Good story on NPR this morning on the minimum wage in Arkansas, where proponents are hoping to put an initiative on the ballot to raise the state minimum wage from $6.25 to $8.50 an hour. NPR followed a volunteer from the grassroots group Give Arkansas a Raise Now:
“Hi, I’m Taylor. And I’m with Give Arkansas A Raise Now …” he recited.
Elizabeth Danley doesn’t take much convincing. She grabbed a pen and eagerly signed Dilday’s petition.
“This is the hope for Arkansas. We worry about Arkansas so much. We need to be paying ourselves, besides the people who are up there in the 1 percent. The rest of us need to be part of that,” she said.
Working his way along streets of solid, brick houses, many of them decorated with flags of the Arkansas Razorbacks, Dilday got a mixed reaction. At the Phillips household, the whole family took a break from cooking dumplings to add their names to his petition.
Other residents close the door on Dilday before he can even get a word out.
“It’s hit or miss with every neighborhood. Generally, you know out west, the further you go, the more backlash we get. But the further inner-city we go, we have a lot of supporters,” Dilday said.
The story notes that a ballot initiative on the minimum wage hike, which polls well, might give an assist to Democrats in state-wide races, such as Sen. Mark Pryor. Of course, while Pryor supports the state wage hike to $8.50, he opposes the Senate bill to raise the federal minimum wage to $10.10, and will likely join Republicans in a filibuster.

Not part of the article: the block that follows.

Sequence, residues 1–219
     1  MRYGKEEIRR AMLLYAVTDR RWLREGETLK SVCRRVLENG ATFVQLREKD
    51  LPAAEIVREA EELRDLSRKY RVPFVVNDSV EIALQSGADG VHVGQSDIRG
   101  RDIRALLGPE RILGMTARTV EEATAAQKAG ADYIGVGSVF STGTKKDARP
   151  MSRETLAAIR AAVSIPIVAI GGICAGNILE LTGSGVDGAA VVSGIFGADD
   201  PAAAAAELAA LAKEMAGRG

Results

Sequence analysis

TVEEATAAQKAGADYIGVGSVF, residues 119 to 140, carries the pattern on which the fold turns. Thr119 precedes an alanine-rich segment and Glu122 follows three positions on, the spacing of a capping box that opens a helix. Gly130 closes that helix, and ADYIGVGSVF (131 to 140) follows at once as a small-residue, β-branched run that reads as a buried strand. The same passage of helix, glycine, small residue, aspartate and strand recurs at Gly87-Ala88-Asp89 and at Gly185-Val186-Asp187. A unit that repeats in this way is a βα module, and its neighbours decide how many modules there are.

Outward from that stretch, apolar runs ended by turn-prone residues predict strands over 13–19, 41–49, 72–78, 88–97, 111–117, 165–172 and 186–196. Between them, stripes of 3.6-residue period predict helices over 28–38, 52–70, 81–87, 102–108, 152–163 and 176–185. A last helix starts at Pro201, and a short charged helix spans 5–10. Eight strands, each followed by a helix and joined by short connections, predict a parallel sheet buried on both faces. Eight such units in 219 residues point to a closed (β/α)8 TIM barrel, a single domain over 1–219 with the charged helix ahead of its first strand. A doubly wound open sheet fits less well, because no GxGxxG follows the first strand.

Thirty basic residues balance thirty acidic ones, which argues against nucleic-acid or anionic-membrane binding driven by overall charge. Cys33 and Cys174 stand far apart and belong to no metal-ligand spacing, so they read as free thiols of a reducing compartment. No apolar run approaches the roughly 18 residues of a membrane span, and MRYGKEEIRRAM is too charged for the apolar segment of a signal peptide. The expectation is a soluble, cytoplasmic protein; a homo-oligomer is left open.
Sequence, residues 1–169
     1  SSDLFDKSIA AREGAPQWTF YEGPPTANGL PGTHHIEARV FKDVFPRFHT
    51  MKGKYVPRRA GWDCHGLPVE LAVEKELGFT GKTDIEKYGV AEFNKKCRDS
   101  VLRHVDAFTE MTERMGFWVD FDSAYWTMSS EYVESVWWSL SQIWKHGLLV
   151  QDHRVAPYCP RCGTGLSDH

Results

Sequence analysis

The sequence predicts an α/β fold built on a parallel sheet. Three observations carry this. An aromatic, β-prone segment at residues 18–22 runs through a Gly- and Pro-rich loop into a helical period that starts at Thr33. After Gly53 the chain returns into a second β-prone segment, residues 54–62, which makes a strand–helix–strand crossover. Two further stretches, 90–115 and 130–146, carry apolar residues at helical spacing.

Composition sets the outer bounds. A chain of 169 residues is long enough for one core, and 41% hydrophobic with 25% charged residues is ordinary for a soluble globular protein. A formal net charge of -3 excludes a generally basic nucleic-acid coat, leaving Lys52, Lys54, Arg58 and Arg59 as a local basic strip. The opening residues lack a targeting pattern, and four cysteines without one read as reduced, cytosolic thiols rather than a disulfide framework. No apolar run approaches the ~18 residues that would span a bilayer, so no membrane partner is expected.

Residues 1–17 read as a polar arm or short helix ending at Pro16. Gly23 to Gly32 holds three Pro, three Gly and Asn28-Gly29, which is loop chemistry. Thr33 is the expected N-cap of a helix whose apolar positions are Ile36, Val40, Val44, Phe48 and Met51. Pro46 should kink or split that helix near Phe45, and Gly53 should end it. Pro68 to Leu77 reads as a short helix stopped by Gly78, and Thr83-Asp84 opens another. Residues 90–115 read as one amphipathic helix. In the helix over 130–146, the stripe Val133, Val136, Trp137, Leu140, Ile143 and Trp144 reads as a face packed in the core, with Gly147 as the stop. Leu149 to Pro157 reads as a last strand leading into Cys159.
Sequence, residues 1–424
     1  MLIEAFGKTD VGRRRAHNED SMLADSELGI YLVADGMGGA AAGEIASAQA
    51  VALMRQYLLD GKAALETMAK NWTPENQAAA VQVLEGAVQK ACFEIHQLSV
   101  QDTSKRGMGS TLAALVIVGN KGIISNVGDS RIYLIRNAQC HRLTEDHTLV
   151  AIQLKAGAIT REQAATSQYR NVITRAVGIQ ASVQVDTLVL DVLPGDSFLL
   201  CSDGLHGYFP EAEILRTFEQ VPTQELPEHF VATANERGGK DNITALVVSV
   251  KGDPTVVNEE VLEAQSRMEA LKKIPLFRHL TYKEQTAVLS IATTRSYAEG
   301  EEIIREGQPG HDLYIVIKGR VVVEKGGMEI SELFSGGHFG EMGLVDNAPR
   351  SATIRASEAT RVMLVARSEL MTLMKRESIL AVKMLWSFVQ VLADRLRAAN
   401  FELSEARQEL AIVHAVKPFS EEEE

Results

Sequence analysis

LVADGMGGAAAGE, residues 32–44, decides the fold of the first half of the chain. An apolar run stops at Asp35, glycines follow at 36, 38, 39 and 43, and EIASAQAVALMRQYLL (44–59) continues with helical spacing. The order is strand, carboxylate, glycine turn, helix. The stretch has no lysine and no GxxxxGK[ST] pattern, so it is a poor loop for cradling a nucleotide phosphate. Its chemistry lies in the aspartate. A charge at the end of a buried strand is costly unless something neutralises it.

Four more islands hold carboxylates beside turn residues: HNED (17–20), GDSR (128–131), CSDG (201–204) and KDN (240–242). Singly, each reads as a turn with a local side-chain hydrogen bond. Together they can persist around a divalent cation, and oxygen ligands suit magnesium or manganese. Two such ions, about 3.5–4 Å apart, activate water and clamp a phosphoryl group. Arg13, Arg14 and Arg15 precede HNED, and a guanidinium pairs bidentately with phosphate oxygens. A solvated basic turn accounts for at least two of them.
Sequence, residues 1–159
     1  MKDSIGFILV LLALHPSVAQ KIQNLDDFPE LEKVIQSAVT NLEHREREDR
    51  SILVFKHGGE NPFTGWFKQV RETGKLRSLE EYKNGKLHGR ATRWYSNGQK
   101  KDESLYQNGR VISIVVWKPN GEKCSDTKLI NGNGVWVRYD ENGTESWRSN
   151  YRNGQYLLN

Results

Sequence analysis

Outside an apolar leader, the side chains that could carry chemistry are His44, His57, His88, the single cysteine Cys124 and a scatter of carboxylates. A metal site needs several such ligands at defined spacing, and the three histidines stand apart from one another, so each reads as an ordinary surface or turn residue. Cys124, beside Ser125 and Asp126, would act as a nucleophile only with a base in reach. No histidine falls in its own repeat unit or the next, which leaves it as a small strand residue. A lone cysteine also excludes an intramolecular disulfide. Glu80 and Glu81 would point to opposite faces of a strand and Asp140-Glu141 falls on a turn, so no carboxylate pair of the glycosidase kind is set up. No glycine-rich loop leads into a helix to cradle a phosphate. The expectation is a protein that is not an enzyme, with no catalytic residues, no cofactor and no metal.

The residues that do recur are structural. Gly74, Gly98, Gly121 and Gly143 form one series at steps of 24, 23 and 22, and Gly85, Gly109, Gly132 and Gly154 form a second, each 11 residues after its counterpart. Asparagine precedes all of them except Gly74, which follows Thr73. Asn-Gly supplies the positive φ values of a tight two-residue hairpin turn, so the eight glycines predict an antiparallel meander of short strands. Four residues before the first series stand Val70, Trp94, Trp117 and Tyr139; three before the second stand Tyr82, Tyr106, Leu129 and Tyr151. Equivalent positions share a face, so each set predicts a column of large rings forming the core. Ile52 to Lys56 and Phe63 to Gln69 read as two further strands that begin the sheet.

Hendrix politics professor Jay Barth tells NPR: “He’s all in on the state minimum wage, while he’s able to kind of say, ‘I’m not for Obama’s minimum wage.'” Well put summation of the maneuvering of an Arkansas Democrat in Obama-hating Arkansas (not so different from Kentucky politicians hating on Obamacare but embracing KyNect, the state’s program implementing the health care law, or Arkansas politicians doing the same with the private option).
Still, I think it’s worth noting the human cost to the political positioning Pryor is taking here. Arkansas currently has among the lowest wages in the nation and as you can see from the graphic above, it’s Arkansas workers who would have the most to gain from the federal minimum wage bill.